Whether from genetics, advanced age or a case of tractor ear, hearing loss will affect nearly everyone who lives long enough. Richard Oswald talks us through the process, so listen up.
On the wall of my office I keep a plaque given to me by my dear mother-in-law. Written on the aging wood is this thoughtful inscription;
“My wife says I never listen to her. At least I think that’s what she said.”
Truer words were never spoken.
Over the years lots of people have thought I wasn’t listening. Even worse is when I answer the question I thought they asked instead of the one they did.
I’ve been given some very puzzled looks.
But I think it’s worse when they ask a direct question and I reply with thoughtful silence. It sort of reminds me of the movie “Forest Gump,” when the experienced shrimp fisherman looks at Forest, asking him “Say. Are you stupid or something?”
How might I answer such a question on a noisy Gulf Coast pier at midday?
I went to the ear doctor yesterday. It seems I have 17% hearing on the left and 22% on the right. I am incapable of understanding close to a third of the alphabet. I have moderate hearing in lower frequencies. Nothing at all in the highest ones where the sounds of women, children, microwave timers and cell phone are.
They say you cant fix stupid. Hearing is almost as tough.
I’m not fixable on either front.
All I can say about my IQ is some of us got it and some of us don’t.
Causes of my audio deficiency are most likely genetic and environmental.
Mother was deaf as a post at 93 when she died.
The weaker ear on farmers is generally the one we turn toward the tractor muffler when we look back while driving the tractor through the field.
And then there were all those days of shooting big caliber guns for fun. POW!!!!
Then tinnitus for three days after.
For some reason flying takes a day or two to get over. My ears plug up every time, rendering them almost useless. I hear but can’t understand. Those echoey airline terminal public address systems spoken over by women, or someone with a strong accent? “Flight 9541 now boarding at gate 7” sounds like “vly bwah bwah bwah ven”
I watch TV with the sound turned off. That’s because I use closed captions instead.
But I miss a lot of what happens onscreen because I’m reading print at the bottom instead of watching the picture.
“Wow! Did you see that?!!!”
An old friend once told me he found it uncomfortable talking to me because I seemed to stare at him during the conversation. Then he figured it out.
“You read lips, don’t you” he said.
Being this impaired takes management. Reading lips is a must. Men with bushy mustaches or people who move their lips imperceptibly are almost impossible to read. If I lose track of the conversation and don’t have visual clues to what it’s about, suddenly everything sounds like gibberish because my brain can’t interpret what my ears are telling it. Listening is exhausting because not only do I need to absorb information, but I first have to figure out what it is. A friend told me awhile back that long pauses in our conversations bothered her until she figured out I have to think about what i just heard before I can answer.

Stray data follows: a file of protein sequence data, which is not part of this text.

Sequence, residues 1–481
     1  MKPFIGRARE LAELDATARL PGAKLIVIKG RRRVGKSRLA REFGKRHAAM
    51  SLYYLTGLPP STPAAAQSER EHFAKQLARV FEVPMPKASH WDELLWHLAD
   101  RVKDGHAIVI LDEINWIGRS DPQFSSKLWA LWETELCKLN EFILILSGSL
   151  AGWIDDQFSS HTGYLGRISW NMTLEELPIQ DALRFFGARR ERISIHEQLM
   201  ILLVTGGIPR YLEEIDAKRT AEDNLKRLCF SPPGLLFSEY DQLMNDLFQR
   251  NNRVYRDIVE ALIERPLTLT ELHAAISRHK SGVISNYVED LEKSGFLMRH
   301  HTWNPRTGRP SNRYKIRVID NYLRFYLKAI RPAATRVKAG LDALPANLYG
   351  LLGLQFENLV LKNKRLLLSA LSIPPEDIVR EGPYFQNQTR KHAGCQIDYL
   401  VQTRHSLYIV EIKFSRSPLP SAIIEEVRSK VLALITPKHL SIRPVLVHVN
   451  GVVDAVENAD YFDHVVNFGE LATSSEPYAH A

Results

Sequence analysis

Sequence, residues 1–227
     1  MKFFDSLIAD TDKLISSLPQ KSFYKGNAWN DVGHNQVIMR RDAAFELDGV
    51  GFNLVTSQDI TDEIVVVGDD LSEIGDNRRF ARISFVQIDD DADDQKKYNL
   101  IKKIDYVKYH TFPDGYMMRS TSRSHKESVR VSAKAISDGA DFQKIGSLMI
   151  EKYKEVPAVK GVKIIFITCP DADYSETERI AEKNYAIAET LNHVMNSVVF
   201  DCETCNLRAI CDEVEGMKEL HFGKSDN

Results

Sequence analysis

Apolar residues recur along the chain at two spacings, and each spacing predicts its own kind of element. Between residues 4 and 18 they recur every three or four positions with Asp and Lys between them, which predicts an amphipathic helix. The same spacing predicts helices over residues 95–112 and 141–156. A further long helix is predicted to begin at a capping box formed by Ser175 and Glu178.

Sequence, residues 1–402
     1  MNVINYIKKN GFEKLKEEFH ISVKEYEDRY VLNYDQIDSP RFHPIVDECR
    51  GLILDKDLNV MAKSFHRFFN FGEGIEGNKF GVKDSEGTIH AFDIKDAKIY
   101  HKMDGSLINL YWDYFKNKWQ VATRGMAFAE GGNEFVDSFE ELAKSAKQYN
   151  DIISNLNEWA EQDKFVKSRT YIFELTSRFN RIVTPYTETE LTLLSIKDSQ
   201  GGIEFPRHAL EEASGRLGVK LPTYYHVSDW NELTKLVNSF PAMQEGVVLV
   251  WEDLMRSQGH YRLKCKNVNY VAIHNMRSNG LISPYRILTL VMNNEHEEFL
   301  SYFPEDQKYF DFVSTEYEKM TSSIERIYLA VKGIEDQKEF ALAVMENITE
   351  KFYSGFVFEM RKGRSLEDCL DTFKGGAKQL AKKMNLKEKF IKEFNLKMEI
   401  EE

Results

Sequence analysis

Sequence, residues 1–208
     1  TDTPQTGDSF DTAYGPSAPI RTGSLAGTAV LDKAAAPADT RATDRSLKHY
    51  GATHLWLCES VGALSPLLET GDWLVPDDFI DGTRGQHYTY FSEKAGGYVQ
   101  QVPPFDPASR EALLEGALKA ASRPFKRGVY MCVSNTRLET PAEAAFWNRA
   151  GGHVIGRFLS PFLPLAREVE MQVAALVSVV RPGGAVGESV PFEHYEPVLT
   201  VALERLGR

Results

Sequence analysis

That’s why people with hearing impairments tend to drift off by themselves. Even if friends and family know the problem and tolerate it, it’s still embarrassing.
My Missouri Blue Cross insurance has a $30 copay for office visits.
Visiting an ear specialist probably cost $500 and 2-and-a-half hours’ driving there and back.
It took him maybe all of five minutes to diagnose.
“I’ve lost some of my hearing due to my age, too,” the doctor said.
Then came the audiologist and testing. I bet I spent $1,000 altogether that day. I’ll know when I get the bill. But it’s not over yet.
They can’t fix me, but they say they can help.
All it takes is money.
New hearing aids use computers to move sounds to different frequencies I still hear, rather than simply amplifying sounds.
Will women and kids sound like James Earl Jones and the microwave like a steam whistle on the Titanic? The audiologist said getting used to hearing again is tougher than not hearing at all.
I tried older style aids once. They just make everything louder. After a couple of hours my ears were ringing so loud I couldn’t understand anything. Plates clattering in a kitchen sounded like a train wreck. Noises were amplified to the point of being painful.
My old farmer neighbor Herman had hearing aids. Once he used those types of aids, his hearing got worse. They were deafening. Then he couldn’t function without them at all. I used to go down the road to visit him and his wife Betty once in awhile. We’d talk an hour or two. Herman would smile and nod at everything. Betty would ask him something. He’d smile and nod again.
Then Betty would look him in the eye and ask “Herman Tiemeyer! Do you have your hearing aids on?”
Uh-oh. Like the plaque says…..
After my hearing evaluation I asked the audiologist how much a set of those computer controlled hearing aids that move sounds around instead of blowing them out of the water would cost.
She said, “About $4,000.”
Richard Oswald, a fifth generation farmer, lives in Langdon, Missouri, and is president of the Missouri Farmers Union.